All children should have their needs supported through easily accessed and affordable services. We know that children and young people have shown incredible resilience in the face of significant life events such as the pandemic, bushfires, floods and what they’ve seen of international conflicts through social media.
Faced with uncertainty and rapid change, young Canberrans can take control of how we respond as a community. When governments and communities work together to build connections, including across generations, we create a healthier future for all young people.
In my role as the ACT Minister for Mental Health, Youth Justice, Carers, and Disability, I commit myself to better support the complex needs of young people most at-risk in our community. Importantly I want to make these changes for the better with young people – to deeply listen to them and deliver the type of support that they know works for them, their peers, friends and siblings. For example, as the ACT Government looks to raise the minimum age of criminal responsibility and establish a new mental health trauma service for young people at risk, we will deliver more and better integrated services that promote the mental, physical, and social wellbeing of all young Canberrans.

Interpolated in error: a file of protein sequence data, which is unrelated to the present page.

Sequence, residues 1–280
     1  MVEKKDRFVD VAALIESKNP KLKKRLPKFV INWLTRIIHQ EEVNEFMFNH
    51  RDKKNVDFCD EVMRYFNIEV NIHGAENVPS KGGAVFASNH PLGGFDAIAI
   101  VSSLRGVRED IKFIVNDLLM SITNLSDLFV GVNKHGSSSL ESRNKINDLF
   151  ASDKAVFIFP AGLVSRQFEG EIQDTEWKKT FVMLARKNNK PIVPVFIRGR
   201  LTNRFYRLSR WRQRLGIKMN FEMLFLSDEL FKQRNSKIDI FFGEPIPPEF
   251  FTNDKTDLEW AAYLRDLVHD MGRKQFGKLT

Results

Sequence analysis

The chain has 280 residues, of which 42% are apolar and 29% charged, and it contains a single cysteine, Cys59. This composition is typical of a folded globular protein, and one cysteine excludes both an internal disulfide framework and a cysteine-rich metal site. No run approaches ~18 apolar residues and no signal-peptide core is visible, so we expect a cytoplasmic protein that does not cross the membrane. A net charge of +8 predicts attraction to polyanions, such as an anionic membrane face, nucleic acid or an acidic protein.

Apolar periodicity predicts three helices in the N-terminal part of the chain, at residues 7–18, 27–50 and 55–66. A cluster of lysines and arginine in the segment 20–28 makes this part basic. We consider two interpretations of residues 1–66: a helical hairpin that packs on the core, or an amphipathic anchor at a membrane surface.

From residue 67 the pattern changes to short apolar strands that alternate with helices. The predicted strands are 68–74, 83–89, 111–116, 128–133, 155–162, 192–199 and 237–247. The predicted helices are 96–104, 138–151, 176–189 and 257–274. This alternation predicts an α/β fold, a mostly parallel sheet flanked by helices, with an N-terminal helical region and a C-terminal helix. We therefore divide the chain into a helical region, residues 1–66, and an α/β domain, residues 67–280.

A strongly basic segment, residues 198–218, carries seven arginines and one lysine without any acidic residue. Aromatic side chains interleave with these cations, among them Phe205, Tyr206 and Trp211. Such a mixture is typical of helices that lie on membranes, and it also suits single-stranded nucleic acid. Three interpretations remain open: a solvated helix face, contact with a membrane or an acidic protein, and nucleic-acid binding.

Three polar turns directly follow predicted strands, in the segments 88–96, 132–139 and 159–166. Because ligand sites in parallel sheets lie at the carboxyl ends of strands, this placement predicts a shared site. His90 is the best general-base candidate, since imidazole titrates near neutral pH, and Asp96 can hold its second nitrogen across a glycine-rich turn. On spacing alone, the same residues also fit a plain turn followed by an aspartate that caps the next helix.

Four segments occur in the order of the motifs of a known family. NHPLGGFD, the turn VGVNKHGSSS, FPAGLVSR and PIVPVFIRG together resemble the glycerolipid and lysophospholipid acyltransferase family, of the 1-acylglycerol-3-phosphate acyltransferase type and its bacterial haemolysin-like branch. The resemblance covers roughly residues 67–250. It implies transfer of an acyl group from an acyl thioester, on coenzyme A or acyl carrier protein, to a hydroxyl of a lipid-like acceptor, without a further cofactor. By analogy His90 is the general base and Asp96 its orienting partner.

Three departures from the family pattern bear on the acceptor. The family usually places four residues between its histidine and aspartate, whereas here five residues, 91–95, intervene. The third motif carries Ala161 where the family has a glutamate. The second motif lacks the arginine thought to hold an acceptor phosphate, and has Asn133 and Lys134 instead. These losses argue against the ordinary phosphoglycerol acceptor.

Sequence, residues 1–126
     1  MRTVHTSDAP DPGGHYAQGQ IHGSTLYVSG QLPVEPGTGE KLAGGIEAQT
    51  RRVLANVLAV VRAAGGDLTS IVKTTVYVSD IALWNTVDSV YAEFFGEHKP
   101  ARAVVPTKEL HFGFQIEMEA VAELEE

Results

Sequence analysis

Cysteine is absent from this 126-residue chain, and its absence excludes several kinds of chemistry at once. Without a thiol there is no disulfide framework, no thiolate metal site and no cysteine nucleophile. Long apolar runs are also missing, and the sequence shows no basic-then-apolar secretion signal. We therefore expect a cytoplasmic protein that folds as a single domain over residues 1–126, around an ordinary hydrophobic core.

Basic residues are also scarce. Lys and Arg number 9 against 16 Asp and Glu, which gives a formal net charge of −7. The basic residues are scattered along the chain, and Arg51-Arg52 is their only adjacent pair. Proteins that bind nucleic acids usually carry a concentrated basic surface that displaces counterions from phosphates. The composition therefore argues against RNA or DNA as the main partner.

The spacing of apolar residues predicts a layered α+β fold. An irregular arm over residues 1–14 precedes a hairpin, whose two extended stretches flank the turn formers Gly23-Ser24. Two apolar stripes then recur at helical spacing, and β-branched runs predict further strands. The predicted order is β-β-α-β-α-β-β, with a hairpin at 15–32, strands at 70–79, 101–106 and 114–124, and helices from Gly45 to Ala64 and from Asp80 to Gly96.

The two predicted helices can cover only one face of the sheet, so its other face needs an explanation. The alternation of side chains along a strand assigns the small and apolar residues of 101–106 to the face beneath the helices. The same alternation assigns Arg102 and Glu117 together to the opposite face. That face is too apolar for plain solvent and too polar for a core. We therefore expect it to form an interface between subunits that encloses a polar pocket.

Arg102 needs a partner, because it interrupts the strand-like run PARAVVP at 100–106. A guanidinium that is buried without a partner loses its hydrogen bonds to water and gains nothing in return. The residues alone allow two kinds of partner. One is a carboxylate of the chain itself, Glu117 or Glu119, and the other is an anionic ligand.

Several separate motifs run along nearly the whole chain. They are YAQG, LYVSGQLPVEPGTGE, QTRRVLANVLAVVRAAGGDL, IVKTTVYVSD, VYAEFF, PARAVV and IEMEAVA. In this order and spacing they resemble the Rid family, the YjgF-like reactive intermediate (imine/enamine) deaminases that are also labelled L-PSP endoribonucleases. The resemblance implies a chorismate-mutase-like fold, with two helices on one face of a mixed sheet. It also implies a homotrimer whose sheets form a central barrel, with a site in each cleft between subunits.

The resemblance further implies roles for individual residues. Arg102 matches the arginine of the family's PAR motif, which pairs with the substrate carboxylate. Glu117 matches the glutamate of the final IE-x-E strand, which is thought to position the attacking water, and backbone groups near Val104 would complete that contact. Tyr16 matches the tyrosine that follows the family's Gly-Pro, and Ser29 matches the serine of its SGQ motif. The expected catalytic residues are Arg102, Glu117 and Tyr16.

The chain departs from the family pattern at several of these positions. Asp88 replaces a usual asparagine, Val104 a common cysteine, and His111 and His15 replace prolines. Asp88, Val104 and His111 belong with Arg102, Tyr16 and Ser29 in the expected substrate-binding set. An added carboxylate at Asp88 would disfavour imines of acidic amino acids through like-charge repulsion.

As Minister for Seniors, I’d also like to acknowledge the value of intergenerational connections between some of the youngest and oldest in our community. The sharing of knowledge, skills and experience makes Canberra a kinder, caring and more connected place.
A big thank you to ACT Children’s Week Committee for organising this important week and your innovative approach to support and recognise the contributions of young people across the ACT. I’m particularly excited about both the Intergenerational Contribution and Exceptional Senior Awards, as well as the intergenerational activities and events.